My guys above are invaluable in helping me to keep my spirits up. It always amazes me how they can find such amusement in something so simple as a box. 🙂 “Oh boy, it’s a box!”
I mentioned last week that I would talk about how I keep from letting myself feel down about my debt. I try to not think about it in overall, total sums, but rather what I can work on at the moment. This does not mean I am in denial, by any means, but as my grandmother used to say when I would stress out about my debt or other matters, that I shouldn’t make a mountain out of a molehill. Or, I guess in this case, not turn a 20,000 foot tall molehill into Mt. Everest. As weather such as wind and rain gradually wear away at such massive structures as mountains or the Grand Canyon, so will I do so with making extra payments over time. (I just thought of that analogy, what do you think of it?)
To that end, I finally have one of my student loans’ balances down to below $18K. This loan was originally for $42K and some change when I first took it out, way back in the 1990s during law school. God, how I would love to obliterate it.
So, just to recap, and also so that I can feel good about how I’m doing, here’s what my balances were like just about 7 1/2 months ago, at the beginning of September.
Personal loan: $4,211.42
LAL loan: $20,939.94
Simmons Loan: $23,620.04
Big Daddy (federal) loan: $75,390.94
TOTAL BALANCE: $124,162.34
Now, March 2014:
Personal loan: $NADA. Non-existent!!
LAL loan: $17, 963.11 (2.67% interest rate)
Simmons Loan: $23,620.04 (only paying interest right now)
Big Daddy (federal) loan: $75,390.94 (only paying interest right now, rate is a ridiculously 7.5%)
TOTAL BALANCE: $116,974.09
DECREASE in DEBT: $7,188.25.
HOLY CRAP! First of all, until I wrote this down, I didn’t realize I had broken the $117K mark, which is cause for celebration in itself, yay yay yay! That is a lot to have paid down in 7 1/2 months. That averages out to my paying down $958.43 in debt every month. So you know what? I want to challenge myself to now make it an average of $1000 per month. I can do this. I can! (And it’s actually a pipe dream, but I’ve asked my financial adviser to help me figure out how much I would need to pay down per month if I wanted to get rid of this loan before the interest rates are expected to go up again, in Fall of 2015. I say this because the rate on my private loan is variable, and can go as high as 9%).
For privacy reasons, I won’t go into what is in my savings accounts, but just know that I have also been saving up while paying down. And I’m feeling good about it. Plus, my retirement accounts are slowly but surely growing. For those of you who are out there and in your 20s, and tire of hearing people tell you “if you can just put away 10 or 25 dollars per week, do it,” I’m here to say “LISTEN TO THEM.” Seriously. Time can help you SO MUCH when it comes to saving money for your later years.
When I first got married to my now-ex, back in 2004, he was a year younger than me. But, he had started saving money for retirement in his 20s. I had not, always thinking I couldn’t afford to put any money away, that I needed every penny I was making, just to survive. You know how it is, I know you do. I truly lived paycheck to paycheck. But no longer.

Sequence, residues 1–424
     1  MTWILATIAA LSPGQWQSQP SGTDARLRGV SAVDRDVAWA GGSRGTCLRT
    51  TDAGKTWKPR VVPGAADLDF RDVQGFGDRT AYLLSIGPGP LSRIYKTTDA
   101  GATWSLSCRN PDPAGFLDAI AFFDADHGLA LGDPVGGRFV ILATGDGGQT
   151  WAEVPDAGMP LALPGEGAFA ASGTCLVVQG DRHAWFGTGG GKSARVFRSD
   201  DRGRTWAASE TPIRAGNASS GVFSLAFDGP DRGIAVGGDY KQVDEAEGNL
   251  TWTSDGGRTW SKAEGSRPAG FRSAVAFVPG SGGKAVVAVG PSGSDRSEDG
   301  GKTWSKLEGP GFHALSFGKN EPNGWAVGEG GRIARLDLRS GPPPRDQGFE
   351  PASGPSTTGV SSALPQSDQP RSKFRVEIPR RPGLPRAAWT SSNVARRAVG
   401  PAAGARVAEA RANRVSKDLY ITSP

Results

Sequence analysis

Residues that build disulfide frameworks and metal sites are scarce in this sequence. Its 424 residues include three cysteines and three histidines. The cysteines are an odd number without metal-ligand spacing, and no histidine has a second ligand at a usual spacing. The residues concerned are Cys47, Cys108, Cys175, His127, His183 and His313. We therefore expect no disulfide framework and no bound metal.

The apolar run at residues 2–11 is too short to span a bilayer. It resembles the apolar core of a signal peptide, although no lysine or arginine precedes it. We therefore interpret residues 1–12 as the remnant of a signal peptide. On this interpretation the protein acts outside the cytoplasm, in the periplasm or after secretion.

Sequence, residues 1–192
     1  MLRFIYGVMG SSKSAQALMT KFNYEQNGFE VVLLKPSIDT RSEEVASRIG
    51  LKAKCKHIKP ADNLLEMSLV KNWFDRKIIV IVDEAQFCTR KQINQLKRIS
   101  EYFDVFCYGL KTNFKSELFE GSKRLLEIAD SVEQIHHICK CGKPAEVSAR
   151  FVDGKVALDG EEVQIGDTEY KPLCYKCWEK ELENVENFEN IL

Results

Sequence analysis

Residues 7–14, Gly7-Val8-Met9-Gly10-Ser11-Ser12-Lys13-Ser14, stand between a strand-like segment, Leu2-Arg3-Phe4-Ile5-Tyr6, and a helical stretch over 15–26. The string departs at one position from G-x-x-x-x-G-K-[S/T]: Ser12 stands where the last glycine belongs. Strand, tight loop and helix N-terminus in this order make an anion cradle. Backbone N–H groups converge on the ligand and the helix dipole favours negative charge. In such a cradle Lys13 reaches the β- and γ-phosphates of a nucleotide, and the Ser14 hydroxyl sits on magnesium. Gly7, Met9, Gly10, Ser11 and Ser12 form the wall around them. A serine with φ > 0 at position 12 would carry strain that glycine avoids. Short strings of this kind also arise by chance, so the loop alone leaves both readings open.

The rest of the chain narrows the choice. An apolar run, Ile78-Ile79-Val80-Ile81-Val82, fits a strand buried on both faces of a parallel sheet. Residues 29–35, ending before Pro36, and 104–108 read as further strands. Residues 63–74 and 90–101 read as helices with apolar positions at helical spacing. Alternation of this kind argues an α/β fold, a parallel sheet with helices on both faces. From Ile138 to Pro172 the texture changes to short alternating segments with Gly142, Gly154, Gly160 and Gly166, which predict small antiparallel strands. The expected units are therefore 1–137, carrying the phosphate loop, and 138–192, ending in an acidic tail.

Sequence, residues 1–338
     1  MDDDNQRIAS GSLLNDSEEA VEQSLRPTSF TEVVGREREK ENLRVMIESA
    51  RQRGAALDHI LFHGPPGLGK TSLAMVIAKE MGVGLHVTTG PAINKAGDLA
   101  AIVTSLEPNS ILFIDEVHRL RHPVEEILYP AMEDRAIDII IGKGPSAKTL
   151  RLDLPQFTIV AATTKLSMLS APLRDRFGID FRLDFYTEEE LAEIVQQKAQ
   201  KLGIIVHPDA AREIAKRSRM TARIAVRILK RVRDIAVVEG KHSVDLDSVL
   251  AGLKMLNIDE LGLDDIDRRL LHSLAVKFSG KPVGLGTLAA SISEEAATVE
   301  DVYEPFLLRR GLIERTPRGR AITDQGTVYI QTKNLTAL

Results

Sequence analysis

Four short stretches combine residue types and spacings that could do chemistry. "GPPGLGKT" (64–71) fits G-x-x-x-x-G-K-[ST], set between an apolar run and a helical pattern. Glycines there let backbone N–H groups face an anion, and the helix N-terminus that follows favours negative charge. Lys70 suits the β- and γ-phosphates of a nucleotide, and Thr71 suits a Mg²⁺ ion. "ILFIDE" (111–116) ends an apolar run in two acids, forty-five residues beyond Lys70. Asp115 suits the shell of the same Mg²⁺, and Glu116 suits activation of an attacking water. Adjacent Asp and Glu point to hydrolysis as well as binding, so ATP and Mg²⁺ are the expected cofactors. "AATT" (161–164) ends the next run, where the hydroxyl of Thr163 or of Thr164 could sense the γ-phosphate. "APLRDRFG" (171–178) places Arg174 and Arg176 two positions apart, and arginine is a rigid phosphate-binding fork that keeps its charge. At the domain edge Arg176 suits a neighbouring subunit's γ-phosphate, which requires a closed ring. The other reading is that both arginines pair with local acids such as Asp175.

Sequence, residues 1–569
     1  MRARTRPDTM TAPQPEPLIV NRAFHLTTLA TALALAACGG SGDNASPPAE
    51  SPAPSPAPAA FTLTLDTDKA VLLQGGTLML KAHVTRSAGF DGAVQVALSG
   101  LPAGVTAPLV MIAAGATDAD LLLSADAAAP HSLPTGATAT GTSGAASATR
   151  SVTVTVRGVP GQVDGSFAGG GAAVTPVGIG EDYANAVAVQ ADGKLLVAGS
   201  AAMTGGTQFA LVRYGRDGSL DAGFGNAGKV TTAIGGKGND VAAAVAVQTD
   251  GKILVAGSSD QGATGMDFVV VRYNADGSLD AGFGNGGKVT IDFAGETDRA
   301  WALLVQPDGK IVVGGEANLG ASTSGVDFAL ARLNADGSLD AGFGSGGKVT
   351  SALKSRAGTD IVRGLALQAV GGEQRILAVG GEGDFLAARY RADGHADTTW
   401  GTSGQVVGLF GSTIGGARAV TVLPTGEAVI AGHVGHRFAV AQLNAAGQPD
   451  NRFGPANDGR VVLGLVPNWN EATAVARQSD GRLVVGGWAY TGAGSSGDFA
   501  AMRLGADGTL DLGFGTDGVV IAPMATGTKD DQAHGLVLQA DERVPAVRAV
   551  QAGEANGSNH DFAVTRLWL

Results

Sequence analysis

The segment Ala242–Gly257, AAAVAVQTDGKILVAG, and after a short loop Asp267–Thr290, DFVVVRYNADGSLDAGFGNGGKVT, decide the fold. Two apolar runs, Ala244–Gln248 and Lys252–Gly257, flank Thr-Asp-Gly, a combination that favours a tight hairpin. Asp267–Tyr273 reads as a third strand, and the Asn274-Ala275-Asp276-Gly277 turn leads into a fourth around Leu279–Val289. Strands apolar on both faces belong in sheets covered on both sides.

Trust me, you won’t miss 10 dollars per week. What does that mean, foregoing a cocktail or two cups of coffee from Starbucks or Dunkin Donuts? Those are wants, not necessities. And if you want to get yourself out of debt, you have to differentiate between the two. You absolutely HAVE to.
Now, I know I want to make a big lifestyle change, in terms of location, job, living shelter situation-wise. So I need to start living as if I’m in that new lifestyle. That means figuring out what the bare minimum is that I need to live on, and still be able to pay my debts from this lifestyle (READ: student loans). That tells me what kind of salary cut I could go down to but still live a fulfilling life. And I put it down on pencil and paper in front of me, so I see it. (I’m a visual person.) It is heartening for me to figure out those numbers, and realize it’s less than what I am bringing home now. So, I’m living below my means, and that’s what I HAVE to do and what you HAVE to do, to get out of debt and follow your heart.
You also have to surround yourself with people who support you (and when I say, surround, I mean both in real life and online.) I have some good online friends who keep reminding me to stay focused (thank you, you know who you are), and friends who are local and know my goals so they understand when I sometimes decline from doing something that is expensive. And they don’t judge when I talk about either living in an RV or a small house. We cheer each other one (you definitely need a cheering section).
So, I would like to say thank you to all of you who read these posts, take the time to write to me and say words of encouragement, etc., and that I hope these posts can help others stay on the course of getting out of debt.
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